Announcing Stack Overflow Documentation

We started with Q&A. Technical documentation is next, and we need your help.

Whether you're a beginner or an experienced developer, you can contribute.

Sign up and start helping → Learn more about Documentation →

Possible Duplicate:
Is JavaScript's Math broken?
Strange result with floating point addition

Some simple JavaScript calculations in Safari 5.0.6 but the same phenomenon in Firefox:

var i=0.1;
i=i+0.01;       //= 0.11
i=i+0.01;       //= 0.12
i=i+0.01;       //= 0.13
i=i+0.01;       //= 0.14
i=i+0.01;       // expected == 0.15
console.log(i); // == 0.15000000000000002

Where does this imprecision come from?

Sure, I can handle it with i.toPrecision() or other methods, but does it have to be like that? Is this a floating-point rounding error?

The same happens in this example:

var i=0.14+0.01; //expected == 0.15
console.log(i);  //== 0.15000000000000002

What is happening between 0.14 and 0.15?

var i=0.1400001+0.01; //expected==0.1500001
console.log(i);       //== 0.1500001 ok!


var i=0.14000001+0.01; //expected==0.15000001 !! 
console.log(i);        //== 0.15000001000000002

What do I have to do differently to get the correct results?

share|improve this question

marked as duplicate by mu is too short, alex, nnnnnn, pst, Graviton Dec 22 '11 at 8:23

This question has been asked before and already has an answer. If those answers do not fully address your question, please ask a new question.

Welcome to the world of representing floating point numbers in binary. – birryree Dec 22 '11 at 5:41
docs.oracle.com/cd/E19957-01/806-3568/ncg_goldberg.html so it is a problem made by storing the data to calculate in bits 'n bites? – frank Dec 22 '11 at 5:42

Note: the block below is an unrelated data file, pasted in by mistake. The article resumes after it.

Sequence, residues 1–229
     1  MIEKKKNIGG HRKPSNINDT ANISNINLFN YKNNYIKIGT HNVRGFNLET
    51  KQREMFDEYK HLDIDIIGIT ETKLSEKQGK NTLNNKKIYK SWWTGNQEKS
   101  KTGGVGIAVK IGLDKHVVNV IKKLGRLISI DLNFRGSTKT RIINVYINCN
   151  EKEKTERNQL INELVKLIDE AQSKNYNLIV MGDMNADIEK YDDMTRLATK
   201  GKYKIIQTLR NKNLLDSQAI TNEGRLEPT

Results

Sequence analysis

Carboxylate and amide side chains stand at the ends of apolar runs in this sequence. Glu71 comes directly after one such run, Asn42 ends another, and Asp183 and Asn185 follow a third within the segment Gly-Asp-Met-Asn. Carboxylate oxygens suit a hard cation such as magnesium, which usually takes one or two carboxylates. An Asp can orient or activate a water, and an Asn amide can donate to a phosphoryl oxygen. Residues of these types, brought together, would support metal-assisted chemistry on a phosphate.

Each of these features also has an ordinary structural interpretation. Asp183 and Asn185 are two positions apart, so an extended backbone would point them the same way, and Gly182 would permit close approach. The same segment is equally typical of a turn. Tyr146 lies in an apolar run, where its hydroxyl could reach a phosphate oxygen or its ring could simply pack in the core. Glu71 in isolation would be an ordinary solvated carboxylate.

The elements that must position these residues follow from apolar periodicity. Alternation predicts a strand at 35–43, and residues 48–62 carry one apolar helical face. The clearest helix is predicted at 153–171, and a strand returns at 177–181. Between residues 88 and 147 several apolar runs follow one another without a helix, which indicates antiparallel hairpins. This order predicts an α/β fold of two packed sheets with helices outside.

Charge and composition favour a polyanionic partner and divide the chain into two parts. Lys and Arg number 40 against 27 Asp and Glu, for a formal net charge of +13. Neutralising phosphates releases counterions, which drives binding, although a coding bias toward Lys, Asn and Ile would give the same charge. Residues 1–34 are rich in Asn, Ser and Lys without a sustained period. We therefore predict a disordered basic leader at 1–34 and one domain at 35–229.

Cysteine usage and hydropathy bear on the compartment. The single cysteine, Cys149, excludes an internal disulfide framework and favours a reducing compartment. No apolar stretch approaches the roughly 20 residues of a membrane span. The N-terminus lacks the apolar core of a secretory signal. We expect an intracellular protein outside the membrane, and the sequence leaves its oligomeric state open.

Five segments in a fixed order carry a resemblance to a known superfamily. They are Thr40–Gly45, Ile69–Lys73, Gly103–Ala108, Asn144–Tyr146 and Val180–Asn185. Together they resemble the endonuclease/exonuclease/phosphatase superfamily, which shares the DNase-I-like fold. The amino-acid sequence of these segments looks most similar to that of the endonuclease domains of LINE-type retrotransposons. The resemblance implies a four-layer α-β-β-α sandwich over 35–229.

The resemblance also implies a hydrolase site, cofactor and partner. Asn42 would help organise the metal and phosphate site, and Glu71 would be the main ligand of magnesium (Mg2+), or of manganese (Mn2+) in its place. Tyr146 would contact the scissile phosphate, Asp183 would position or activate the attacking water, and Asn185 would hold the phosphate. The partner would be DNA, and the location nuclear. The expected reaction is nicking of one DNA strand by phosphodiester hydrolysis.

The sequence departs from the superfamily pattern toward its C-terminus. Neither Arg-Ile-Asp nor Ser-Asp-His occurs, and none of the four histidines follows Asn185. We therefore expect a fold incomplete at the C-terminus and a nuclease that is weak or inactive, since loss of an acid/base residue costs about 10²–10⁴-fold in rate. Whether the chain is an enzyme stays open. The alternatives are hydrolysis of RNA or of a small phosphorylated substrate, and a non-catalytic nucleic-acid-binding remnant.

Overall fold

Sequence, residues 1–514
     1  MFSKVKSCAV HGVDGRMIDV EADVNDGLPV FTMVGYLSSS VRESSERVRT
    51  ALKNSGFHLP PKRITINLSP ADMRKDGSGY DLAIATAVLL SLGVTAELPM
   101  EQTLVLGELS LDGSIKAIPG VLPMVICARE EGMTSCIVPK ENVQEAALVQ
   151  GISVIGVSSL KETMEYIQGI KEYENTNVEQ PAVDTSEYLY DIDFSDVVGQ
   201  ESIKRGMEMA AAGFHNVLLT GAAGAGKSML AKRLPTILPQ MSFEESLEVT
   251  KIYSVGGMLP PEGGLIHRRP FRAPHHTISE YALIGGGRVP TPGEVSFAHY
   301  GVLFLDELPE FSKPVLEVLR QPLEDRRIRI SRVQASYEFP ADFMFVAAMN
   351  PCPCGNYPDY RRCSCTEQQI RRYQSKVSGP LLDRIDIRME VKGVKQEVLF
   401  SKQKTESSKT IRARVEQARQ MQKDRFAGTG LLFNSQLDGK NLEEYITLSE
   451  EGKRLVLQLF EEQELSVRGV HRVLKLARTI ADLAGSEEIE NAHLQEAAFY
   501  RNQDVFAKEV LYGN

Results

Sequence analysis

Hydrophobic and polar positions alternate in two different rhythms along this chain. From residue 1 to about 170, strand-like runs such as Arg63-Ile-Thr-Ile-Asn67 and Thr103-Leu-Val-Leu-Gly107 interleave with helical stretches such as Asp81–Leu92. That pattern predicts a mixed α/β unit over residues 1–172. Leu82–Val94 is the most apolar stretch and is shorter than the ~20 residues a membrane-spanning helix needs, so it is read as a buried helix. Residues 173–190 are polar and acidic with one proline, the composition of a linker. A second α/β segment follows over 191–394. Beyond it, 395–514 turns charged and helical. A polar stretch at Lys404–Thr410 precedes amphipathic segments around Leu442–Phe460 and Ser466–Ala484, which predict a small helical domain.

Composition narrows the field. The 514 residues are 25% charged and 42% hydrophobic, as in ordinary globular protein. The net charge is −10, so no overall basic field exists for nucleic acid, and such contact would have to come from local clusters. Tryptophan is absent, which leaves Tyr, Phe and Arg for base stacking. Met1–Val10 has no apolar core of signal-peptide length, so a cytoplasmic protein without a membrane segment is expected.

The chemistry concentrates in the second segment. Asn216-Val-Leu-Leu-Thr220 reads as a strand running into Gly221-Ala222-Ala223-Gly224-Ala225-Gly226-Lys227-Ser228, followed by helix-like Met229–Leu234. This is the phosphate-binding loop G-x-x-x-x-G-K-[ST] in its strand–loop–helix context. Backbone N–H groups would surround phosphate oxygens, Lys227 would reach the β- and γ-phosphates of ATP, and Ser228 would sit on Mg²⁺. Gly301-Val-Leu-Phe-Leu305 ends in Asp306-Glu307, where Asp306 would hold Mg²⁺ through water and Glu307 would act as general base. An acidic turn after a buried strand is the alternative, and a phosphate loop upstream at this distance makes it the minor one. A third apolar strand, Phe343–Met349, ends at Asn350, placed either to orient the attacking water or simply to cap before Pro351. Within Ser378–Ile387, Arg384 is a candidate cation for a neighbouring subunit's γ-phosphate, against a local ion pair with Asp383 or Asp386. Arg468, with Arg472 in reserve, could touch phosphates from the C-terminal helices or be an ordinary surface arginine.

You can reproduce a similar effect more concisely with 0.1 + 0.2, which results in 0.30000000000000004. – Peter Olson Dec 22 '11 at 5:43
Alex has a good link, but essentially it is because binary cannot represent all floating points from base10. 0.1 is actually one such number you can't represent correctly in binary. – birryree Dec 22 '11 at 5:46
@birryree It's not related to binary. It's just that you only have a very little amount of information that you can store. Whether that is decimal or binary or whatever makes no matter. – phant0m Sep 20 '12 at 12:04
up vote 0 down vote accepted

They're just floating point errors.

Work with integers, multiply everything you're doing by 10 * numbers of precision you want.

share|improve this answer
oh my gosh.. happy new year, i have really fun here '31|12|'+(0.2+0.01-2012.21)*-1 – frank Dec 22 '11 at 6:04

Floating Point Arithmetic is not precise, as some numbers can not be accurately stored so an approximation is used.

What Every Computer Scientist Should Know About Floating-Point Arithmetic

Can you handle your Numbers as integers and then work out the final answer with division?

share|improve this answer
great link! Something (else) to read over the holidays... – Jessedc Dec 22 '11 at 5:43
@Jessedc - Suppose it will be more interest than listening to the relatives that you only see once a year :-) – Ed Heal Dec 22 '11 at 5:44
@Jessedc: At least you get 'em :D – alex Dec 22 '11 at 5:52
yeah man, thats funny mind jogging! 0.2+1/100=0.21000000000000002 the jingle bells just 0.00000000000000002 more :D but 0.2+1/100-0.00000000000000002= yeahh! :-P – frank Dec 22 '11 at 5:54
means ( ( 0.2 * 10 ) + 0.1 * 10 ) / 10 == 0.3 hurraaaa! – frank Dec 22 '11 at 6:33

Floatinhg point numbers are stored not precisely in computers - you need to take into account their binary representation. Hence with floating point number arithmetic you get rounding errors.

share|improve this answer

Not the answer you're looking for? Browse other questions tagged or ask your own question.